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EU Agrees New Cybersecurity Laws

Tom Jowitt is a leading British tech freelance and long standing contributor to TechWeek Europe

Leading tech firms will be forced to report major cyber attacks under new European cybersecurity laws

Major technology firms such as Google, Microsoft and others will be required to report cyber attacks and data breaches, or else face possible sanctions.

The requirement comes after European lawmakers agreed to new legislation called the Network and Information Security Directive.

Reporting Requirement

European ParliamentAgreement was reached this week between member states of the EU and the European Parliament, in response to growing concerns at the number of cyberattacks and the increasing dependence of many critical businesses and industries on IT infrastructure.

“The European Parliament and the Luxembourg Presidency of the EU Council of Ministers last night reached an agreement on the rules,” said the European Commission. It said the new laws will “improve cybersecurity capabilities in Member States” and “improve Member States’ cooperation on cybersecurity.”

But the new law is notable because it “require operators of essential services in the energy, transport, banking and healthcare sectors, and providers of key digital services like search engines and cloud computing, to take appropriate security measures and report incidents to the national authorities.”

This means that firms such as Google, Amazon and Microsoft have been classified as an essential service provider, alongside the likes of energy, banking, healthcare and transport companies, and will be required to report any attacks or breaches.

“Trust and security are the very foundations of a Digital Single Market,” said Andrus Ansip, European Commission VP for the Digital Single Market. “If we want people and businesses to use and make the most of connected digital services, they need to trust them to be secure in the case of attack or failure.”

“The internet knows no border – a problem in one country can have a knock-on effect in the rest of Europe,” said Ansip. “This is why we need EU-wide cybersecurity solutions. Last night’s agreement is an important step in this direction, but we cannot stop here: we plan an ambitious partnership with the industry in the coming months to develop more secure products and services.”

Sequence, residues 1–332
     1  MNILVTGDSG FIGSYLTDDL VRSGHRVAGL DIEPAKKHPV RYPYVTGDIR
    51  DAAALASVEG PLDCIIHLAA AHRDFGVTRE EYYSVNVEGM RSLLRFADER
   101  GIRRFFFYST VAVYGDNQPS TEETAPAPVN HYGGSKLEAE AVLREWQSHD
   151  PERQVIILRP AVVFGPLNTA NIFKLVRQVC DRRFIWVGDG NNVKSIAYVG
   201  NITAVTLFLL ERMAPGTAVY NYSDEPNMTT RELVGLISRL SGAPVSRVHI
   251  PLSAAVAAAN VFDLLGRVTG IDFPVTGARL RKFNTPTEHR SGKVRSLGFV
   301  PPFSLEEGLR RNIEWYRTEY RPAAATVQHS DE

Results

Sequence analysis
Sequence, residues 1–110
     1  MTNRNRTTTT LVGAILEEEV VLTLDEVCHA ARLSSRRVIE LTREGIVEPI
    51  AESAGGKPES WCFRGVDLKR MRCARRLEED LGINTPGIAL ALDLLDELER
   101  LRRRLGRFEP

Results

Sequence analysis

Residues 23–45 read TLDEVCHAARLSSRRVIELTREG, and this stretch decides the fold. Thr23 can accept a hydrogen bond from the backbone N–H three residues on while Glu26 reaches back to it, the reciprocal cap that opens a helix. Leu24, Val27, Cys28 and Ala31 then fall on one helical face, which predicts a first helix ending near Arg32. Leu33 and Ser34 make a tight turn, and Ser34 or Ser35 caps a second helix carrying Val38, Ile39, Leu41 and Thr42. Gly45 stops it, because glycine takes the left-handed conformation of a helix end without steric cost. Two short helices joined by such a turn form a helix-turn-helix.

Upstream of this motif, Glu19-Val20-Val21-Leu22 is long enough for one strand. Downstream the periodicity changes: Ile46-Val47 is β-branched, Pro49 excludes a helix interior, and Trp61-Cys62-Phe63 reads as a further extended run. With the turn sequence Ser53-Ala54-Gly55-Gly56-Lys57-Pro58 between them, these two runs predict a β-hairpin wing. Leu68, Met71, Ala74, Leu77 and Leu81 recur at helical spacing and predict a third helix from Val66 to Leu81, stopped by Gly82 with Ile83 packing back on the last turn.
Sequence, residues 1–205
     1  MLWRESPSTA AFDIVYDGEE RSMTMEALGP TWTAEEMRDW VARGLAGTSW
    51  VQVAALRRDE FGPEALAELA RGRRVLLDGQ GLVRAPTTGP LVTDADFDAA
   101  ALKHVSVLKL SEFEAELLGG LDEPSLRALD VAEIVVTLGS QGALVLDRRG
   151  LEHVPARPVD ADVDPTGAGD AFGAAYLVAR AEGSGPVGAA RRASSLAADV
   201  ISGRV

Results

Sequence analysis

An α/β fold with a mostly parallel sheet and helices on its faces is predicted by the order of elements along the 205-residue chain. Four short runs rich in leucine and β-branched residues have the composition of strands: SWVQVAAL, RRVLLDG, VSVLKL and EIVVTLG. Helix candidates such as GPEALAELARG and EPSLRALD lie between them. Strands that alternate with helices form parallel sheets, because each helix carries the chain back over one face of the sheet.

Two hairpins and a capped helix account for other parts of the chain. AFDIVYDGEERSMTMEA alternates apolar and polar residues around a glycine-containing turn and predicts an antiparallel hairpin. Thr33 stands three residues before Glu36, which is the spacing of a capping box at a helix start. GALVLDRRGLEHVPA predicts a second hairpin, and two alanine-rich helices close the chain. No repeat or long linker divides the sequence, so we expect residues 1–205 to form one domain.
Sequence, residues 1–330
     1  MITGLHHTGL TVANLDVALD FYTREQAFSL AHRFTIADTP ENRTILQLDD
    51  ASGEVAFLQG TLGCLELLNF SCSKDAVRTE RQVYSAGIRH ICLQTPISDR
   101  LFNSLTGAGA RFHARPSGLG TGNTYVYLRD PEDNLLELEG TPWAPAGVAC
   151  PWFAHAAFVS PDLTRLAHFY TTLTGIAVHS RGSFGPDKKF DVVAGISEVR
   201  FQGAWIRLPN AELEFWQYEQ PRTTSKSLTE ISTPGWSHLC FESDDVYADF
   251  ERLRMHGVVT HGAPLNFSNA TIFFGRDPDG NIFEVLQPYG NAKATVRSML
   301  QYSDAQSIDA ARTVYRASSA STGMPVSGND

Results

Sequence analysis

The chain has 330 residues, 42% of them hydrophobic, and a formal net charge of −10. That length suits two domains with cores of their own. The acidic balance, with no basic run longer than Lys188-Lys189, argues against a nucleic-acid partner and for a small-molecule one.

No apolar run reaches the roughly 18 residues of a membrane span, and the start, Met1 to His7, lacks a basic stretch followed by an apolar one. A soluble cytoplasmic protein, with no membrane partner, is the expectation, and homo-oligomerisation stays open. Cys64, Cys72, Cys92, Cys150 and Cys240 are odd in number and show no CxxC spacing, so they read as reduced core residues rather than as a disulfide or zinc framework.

“The agreement constitutes a major step in improving the resilience of our network and information systems in Europe,” said Günther H. Oettinger, Commissioner for the Digital Economy and Society. “Improving cooperation and information exchange between Member States is a key element of the agreed rules and will help us tackle the increasing number of cyber-attacks.”

2017 Deadline

The next step will see the text of this political agreement formally approved by the European Parliament and the Council.

After that it will be published in the EU Official Journal and will officially enter into European law.

Member States will have 21 months to implement this Directive into their national laws and 6 months more to identify operators of essential services.

And some experts have warned that businesses need to fully understand the implications of this new law.

“The key obligations emerging from this directive will be that “operators of essential services” will have to take “appropriate security measures” and to notify serious incidents to the relevant national authority,” said Andrew Rogoyski, Head of Cyber Security, CGI.

“Organisations will need to be able to demonstrate that they have taken ‘appropriate security measures’,” he added. “This will be judged according to the individual company but, it is safe to say, many organisations currently do not take appropriate measures.”

Rogoyski expects the visibility of breaches will increase, which will in turn drive public concern over the safety of online systems and whether a company can be trusted with sensitive information by users.

“The NISD is going to significantly increase the focus on cybersecurity at board level – the obligation to publicly declare a breach will send shivers up the spines of CEOs everywhere,” Rogoyski warned. “The NISD has huge implications for cybersecurity now that whole new sectors will be obliged to declare their breaches.”

“Who wants to be the first company to have to disclose a breach under this new law, especially if the subsequent GDPR imposes a fine of 5 percent global revenue?” he warned.

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